Because alternate routes, better, safer, less demanding routes were located after their passage, some sections of the original Battalion’s route have been spared major development. For example, Foster’s Hole (aka, the “Lost Well”) has probably not been visited by 1,000 persons since its “rediscovery” some twenty years ago. Consequently, it is well preserved and though difficult to visit, one can see it as it basically was 160 years ago.

As a society, we have “loved” some sections of our county nearly to death. Consider Yellowstone National Park. It’s unnerving to watch a tourist get into the face of a bull buffalo or to tell their kid to “get closer” for a picture. Fire-rings are everywhere in some forests. A 25-mile stretch of our route in December has been closed because some ATV riders have been indiscriminate in how and where they’ve gone off road – destroying OUR common history.

Water is everything here. A small surplus means marvelous growth. A small deficiency, if prolonged, will seriously upset the balance. A spring creates luxurious growth on the shaded side of a canyon while the opposite side is baked by strong sunlight each day all year.

We exit the property at sundown as the owner provided us a ride to the gate where Jerry is waiting for us.

While we cannot conclusively claim we have found wagon ruts, swales, artifacts or definite proof of the Battalions’ passage, it was a good day and a privilege to hike this ranch. It was wild country back then and it still is today.

Tuesday, November 25 – Douglas, AZ

Saturday, November 29th, 2008

Nothing of importance occurred today. We spent the day planning, catching up on work requiring communication capabilities and preparing for tomorrow’s exceptional opportunity to hike part of the route.

In particular, we are excited about the upcoming events in St. David, Tucson, Yuma and wilderness areas of Arizona. Much of our day has been spent in communicating with local folks working on those events.

Monday, November 24 – Sonora, Republic of Mexico

Saturday, November 29th, 2008

This morning started early as we moved the vehicles to Douglas Arizona. We are “officially” through New Mexico, but will return for one more day of hiking in that state. It’s been a wonderful two months of great people, tremendous experiences, interesting history and opportunity to help clarify the Battalion’s movements.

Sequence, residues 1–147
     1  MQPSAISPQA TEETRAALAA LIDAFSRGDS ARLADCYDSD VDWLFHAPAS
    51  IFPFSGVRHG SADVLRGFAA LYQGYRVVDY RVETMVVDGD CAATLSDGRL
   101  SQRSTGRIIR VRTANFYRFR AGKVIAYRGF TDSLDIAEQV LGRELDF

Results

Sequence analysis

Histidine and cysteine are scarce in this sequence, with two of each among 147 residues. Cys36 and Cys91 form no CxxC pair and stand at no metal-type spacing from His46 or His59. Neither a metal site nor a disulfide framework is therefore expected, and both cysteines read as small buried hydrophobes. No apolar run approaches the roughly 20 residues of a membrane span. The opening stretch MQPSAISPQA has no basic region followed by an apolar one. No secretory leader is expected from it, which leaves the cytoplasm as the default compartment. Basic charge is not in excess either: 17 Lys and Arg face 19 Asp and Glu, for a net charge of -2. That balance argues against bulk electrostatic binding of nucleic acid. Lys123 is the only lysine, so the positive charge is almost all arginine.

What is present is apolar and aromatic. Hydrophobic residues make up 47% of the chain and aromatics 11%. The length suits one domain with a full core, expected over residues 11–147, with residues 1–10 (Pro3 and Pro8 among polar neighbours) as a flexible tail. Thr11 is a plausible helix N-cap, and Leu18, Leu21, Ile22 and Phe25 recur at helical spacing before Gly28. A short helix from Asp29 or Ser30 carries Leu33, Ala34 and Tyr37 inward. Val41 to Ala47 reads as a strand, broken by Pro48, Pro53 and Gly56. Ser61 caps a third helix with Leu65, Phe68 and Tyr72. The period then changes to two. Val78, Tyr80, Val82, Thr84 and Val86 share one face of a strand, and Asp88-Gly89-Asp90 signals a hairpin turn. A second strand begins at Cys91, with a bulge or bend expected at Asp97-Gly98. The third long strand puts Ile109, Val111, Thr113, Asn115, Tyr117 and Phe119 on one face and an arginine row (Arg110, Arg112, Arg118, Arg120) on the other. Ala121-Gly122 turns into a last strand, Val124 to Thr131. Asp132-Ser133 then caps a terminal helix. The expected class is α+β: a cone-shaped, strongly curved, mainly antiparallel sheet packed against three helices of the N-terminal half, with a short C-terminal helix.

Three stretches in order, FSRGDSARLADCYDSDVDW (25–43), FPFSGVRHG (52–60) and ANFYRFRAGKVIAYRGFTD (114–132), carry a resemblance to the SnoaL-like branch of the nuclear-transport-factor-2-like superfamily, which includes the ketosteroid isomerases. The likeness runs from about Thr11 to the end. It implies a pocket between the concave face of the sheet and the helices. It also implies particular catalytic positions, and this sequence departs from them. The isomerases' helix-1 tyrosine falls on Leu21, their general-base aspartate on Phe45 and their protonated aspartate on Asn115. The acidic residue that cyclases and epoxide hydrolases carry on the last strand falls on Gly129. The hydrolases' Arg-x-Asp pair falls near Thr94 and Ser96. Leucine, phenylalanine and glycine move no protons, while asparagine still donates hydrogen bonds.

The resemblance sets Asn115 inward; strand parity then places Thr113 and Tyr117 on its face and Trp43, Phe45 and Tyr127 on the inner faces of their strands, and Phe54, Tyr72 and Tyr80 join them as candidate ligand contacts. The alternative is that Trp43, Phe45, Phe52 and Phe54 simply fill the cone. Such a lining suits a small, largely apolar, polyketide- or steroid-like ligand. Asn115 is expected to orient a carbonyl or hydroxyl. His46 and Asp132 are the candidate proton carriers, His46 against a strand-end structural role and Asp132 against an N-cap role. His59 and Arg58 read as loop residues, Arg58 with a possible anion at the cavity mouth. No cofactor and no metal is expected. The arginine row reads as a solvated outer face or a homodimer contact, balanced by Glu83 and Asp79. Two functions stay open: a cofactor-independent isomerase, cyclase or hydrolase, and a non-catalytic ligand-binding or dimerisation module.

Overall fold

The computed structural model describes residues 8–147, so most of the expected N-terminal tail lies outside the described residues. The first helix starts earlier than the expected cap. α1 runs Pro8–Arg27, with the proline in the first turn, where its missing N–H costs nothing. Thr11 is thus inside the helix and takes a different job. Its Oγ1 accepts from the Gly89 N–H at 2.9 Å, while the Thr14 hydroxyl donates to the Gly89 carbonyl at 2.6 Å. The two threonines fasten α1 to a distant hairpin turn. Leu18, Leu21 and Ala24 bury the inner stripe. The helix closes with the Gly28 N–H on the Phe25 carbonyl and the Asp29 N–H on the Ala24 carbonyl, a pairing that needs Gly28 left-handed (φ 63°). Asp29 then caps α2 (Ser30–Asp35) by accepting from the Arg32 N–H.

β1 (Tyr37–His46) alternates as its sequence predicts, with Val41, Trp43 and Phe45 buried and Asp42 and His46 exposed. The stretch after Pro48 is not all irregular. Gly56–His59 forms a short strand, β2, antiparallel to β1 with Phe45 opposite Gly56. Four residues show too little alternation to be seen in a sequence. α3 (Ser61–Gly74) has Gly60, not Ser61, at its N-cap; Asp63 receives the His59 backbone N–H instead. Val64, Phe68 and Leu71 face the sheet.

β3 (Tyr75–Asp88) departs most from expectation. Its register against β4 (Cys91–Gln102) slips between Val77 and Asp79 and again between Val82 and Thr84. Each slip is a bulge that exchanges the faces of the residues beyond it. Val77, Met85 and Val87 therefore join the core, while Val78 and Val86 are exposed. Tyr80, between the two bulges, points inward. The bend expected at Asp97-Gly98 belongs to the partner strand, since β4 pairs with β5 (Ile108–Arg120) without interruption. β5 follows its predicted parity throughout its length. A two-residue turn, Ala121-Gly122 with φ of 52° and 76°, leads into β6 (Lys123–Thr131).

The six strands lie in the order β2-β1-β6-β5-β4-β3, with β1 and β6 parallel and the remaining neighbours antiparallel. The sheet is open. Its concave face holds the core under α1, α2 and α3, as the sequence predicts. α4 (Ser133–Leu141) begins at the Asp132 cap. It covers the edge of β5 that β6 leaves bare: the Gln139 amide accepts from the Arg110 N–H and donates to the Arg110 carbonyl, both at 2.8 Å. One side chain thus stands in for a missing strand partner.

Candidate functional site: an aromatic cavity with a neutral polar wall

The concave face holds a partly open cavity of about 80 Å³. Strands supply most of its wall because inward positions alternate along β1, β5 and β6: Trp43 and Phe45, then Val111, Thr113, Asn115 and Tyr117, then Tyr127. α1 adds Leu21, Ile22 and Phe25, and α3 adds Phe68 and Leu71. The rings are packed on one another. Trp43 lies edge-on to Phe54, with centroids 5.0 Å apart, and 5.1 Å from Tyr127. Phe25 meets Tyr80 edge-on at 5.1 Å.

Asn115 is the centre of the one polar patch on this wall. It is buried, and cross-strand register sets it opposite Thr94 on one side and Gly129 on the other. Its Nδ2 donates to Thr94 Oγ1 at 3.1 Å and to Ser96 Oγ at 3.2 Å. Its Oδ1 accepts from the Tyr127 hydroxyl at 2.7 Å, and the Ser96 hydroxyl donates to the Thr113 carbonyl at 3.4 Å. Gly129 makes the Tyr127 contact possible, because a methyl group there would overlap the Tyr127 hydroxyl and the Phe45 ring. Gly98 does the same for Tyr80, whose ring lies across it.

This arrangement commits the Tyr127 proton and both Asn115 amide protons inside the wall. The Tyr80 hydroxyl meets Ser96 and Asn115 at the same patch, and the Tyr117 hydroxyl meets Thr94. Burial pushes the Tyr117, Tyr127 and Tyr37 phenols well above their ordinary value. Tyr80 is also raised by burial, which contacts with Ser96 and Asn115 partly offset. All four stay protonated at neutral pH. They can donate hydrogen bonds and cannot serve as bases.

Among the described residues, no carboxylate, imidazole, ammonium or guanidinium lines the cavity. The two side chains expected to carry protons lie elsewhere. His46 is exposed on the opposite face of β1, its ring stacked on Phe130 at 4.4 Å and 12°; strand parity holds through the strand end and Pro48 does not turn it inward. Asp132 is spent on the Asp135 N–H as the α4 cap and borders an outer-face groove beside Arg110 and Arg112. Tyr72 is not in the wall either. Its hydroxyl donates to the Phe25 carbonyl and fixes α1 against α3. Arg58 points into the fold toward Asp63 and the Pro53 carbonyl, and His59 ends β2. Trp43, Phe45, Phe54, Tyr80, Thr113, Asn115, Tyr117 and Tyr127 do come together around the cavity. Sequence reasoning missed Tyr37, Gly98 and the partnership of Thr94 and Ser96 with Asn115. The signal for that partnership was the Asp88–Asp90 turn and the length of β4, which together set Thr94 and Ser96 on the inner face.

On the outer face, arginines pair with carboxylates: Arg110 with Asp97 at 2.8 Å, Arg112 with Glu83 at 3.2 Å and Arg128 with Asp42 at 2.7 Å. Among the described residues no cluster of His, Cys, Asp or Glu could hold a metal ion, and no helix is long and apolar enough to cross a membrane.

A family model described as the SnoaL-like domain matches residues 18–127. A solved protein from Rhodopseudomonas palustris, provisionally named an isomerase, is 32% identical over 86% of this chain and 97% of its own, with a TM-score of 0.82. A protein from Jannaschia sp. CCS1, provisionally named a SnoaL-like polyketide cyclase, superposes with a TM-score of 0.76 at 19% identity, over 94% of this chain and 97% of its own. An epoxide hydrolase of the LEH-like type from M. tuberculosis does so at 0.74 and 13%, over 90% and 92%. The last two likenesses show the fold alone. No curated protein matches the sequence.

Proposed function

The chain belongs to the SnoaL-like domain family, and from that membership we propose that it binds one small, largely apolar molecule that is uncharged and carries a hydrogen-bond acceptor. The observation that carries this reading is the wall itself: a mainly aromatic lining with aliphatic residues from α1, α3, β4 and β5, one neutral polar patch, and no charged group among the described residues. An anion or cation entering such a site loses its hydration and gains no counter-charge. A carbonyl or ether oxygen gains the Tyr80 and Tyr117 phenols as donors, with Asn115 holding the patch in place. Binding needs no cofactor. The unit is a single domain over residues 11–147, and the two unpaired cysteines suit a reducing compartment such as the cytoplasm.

My original plan for this week was to hike the section of Sonora between the Guadalupe Canyon exit and Agua Prieta Spring. Recently, there has been increased violence in this area and upon advice of the US Consulate and local persons with cross-border experience, we decide to not hike Sonora. Dang!

Instead, I’ve hired a local guide with thirty years experience taking tours to the LDS colonies. We discuss our Trek goals and decide that it should be safe to drive the MX-2 highway corridor today. This will allow me to photograph some key locations, to get the “feel” of the locale and see if the previously proposed routes jibe with the journals.

First, we drive out to Guadalupe Pass. Now, here’s an IMPORTANT item for those of you interested in the route: Guadalupe Canyon is different from Guadalupe Pass. The pass is NOT in the canyon of the same name. Go figure. It has taken me three years to finally come to that realization.

Guadalupe Canyon is a north-south canyon which they joined after coming down the cliffs off the Animas valley. The canyon the Battalion wanted to go down was further south from where they actually went down. Mexico Highway 2 probably follows closely to their intended route. But, as is well known, the guides didn’t find it and Colonel Cooke took the command through a horrifically difficult canyon. More about that later in the week.

The San Bernardino valley is wide and deeper than I imagined it would be. We can’t get to the ruins of the rancho, but get some distant photos. Across in the US is the John Slaughter Ranch which is accessible and has sections that still resemble the valley in 1846.

The guide takes me back along MX-2 towards Agua Prieta. We pass one of the campsites and their description accurately portrays the actual geography. It fits well and makes sense that they should have passed this way.

A mild surprise for me is that there is water flowing at Agua Prieta. The town has built up around the spring. There are a few non-east, west, north, south streets that take into account the old stream bed but for the most part it’s urbanized. As we approach the stream, there’s actually a small amount of water in the bed. Sadly, there’s lots of garbage and refuse too, but still, it’s kind of neat to see water here. So many places have gone dry due to well pumping.

That was a quick drive through, and I appreciated the help and the opportunity to get into Mexico and document some of the sites that do match their descriptions. I didn’t get onto the “Capital Gem” mountain, but with luck, I’ll get back here someday to find it.

Sunday, November 23 – Cotton City, NM

Saturday, November 29th, 2008

Attended church at the Cotton City LDS congregation today. This is another one of those congregations and towns of old style ranchers, solid men and women who don’t flinch.